DE 198 10 764 A1 generally discloses switching the compressor from continuous operation to a pulsed mode of operation when a certain temperature limit value is reached. That is, the compressor is cycled on and off rapidly. This results in rapid wear of the compressor. This also results in increased current consumption by the electric motor used to drive the compressor primarily because the starting current of the electric motor is considerably higher than the continuous current.
It is desired to provide an improved method and apparatus for controlling a compressor to protect the compressor against overload and damage caused by overheating which avoids frequent on and off cycles while achieving efficient utilization of the compressor.
Generally speaking, in accordance with the present invention, a method and apparatus for controlling a compressor are provided which overcome disadvantages associated with prior art methods and systems.
According to a preferred embodiment of the present invention, to protect the compressor against overload and damage caused by overheating the compressor is cycled off when the temperature measured at the compressor exceeds a maximum temperature selected based on backpressure caused by the pressurized fluid system. The compressor is then cycled on when it has cooled to a preselected restart temperature.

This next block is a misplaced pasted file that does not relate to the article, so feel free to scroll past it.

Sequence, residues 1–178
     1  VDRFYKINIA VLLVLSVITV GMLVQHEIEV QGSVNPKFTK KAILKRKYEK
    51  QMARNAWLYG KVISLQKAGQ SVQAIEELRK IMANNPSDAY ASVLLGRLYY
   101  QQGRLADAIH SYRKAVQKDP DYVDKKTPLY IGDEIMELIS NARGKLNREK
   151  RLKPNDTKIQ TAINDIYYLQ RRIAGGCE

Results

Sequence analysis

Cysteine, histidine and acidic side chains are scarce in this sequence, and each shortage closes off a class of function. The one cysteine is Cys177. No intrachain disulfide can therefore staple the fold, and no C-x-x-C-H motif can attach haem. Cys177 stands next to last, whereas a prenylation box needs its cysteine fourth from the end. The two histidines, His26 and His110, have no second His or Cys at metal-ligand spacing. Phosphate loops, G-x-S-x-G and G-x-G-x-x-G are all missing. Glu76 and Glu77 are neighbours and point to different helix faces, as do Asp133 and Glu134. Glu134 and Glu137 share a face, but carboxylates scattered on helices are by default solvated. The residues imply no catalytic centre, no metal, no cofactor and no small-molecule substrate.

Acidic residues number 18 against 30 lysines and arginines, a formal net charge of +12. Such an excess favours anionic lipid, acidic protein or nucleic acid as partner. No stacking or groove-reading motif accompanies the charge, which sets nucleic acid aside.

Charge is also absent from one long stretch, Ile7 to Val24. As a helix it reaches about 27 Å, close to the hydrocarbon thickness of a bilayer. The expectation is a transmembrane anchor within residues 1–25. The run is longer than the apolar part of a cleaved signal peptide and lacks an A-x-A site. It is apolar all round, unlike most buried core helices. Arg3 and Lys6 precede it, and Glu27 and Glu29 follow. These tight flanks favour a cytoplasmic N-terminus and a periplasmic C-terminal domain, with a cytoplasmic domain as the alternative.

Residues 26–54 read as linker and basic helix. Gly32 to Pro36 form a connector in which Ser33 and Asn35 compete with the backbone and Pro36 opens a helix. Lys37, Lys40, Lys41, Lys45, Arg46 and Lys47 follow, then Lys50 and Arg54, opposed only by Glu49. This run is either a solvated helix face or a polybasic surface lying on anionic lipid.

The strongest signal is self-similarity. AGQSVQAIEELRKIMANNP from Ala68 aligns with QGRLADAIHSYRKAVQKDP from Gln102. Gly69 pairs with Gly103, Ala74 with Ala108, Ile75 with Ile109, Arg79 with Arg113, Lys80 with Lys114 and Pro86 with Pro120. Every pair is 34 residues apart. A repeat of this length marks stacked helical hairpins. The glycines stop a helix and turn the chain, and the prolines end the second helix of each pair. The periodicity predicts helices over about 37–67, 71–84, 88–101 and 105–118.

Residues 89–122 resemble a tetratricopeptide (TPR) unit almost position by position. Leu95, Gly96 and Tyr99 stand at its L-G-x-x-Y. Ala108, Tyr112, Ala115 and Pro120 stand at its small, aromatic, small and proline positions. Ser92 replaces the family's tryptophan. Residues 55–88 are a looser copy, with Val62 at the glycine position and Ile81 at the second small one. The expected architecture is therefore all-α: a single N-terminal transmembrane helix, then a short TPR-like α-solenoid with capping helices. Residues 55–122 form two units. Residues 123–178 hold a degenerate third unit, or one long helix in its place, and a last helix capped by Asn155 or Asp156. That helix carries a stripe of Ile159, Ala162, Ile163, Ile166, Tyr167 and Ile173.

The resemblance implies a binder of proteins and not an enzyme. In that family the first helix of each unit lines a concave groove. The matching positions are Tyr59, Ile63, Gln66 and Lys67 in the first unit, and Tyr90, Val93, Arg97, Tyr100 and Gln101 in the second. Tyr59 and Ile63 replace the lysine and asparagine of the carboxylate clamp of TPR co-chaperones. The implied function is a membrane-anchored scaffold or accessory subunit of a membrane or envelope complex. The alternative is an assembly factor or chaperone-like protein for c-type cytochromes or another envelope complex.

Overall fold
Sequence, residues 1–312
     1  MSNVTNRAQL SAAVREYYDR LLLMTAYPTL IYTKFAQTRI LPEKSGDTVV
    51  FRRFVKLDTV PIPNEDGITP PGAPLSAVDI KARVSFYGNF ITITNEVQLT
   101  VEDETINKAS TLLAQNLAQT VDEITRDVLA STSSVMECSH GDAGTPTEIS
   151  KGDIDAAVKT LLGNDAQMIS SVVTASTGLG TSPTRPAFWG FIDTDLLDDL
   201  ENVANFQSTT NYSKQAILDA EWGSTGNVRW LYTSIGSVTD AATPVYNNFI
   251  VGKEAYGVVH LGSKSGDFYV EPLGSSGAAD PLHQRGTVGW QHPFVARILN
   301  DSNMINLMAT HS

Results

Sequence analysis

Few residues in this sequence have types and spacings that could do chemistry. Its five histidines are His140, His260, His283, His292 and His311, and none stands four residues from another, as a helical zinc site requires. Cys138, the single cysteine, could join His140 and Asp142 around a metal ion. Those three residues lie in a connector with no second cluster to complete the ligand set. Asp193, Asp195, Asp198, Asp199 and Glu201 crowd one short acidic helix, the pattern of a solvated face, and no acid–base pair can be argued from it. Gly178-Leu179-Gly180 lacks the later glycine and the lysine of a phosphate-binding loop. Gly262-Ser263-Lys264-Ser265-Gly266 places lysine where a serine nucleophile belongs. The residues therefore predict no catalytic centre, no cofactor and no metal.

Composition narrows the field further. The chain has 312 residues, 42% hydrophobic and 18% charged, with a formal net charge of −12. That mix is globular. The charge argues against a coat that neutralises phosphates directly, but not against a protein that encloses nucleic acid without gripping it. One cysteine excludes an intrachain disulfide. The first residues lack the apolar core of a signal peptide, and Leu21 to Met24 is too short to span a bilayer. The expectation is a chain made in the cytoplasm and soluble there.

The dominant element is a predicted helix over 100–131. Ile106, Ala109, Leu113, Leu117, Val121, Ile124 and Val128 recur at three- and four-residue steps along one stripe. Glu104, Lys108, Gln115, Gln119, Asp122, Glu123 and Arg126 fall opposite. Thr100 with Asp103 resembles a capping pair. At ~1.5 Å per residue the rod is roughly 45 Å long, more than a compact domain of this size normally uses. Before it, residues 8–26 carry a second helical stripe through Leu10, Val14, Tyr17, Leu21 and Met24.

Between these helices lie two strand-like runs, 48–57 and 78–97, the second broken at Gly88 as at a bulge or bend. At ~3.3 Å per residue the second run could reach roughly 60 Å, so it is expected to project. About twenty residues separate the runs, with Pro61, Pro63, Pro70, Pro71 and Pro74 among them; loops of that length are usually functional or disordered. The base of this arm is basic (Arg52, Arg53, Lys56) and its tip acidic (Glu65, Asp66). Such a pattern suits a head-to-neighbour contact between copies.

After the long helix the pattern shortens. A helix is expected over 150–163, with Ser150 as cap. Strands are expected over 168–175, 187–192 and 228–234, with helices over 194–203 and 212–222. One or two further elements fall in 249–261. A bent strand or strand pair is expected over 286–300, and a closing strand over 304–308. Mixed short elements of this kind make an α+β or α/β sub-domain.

In an alternative embodiment of the invention, time criteria are superposed on the temperature limits for controlling the activation and deactivation of the compressor.
A temperature sensor can be used to measure the temperature at the compressor. This has the advantage of permitting further improved utilization of the compressor, since the temperature at an appropriate place of the compressor can be determined exactly via a temperature sensor, and temperature estimation, into which relatively large tolerances would have to be built for safety reasons, is avoided. Alternatively, the compressor temperature can be determined by computation based on thermal modeling.
In another embodiment of the invention, both the temperature sensor and thermal modeling are utilized, the signal of the temperature sensor being primarily relied on and thermal modeling being used as backup for determination of the temperature value in the event of defect or malfunction of the temperature sensor. This arrangement provides distinct benefits with regard to operating safety.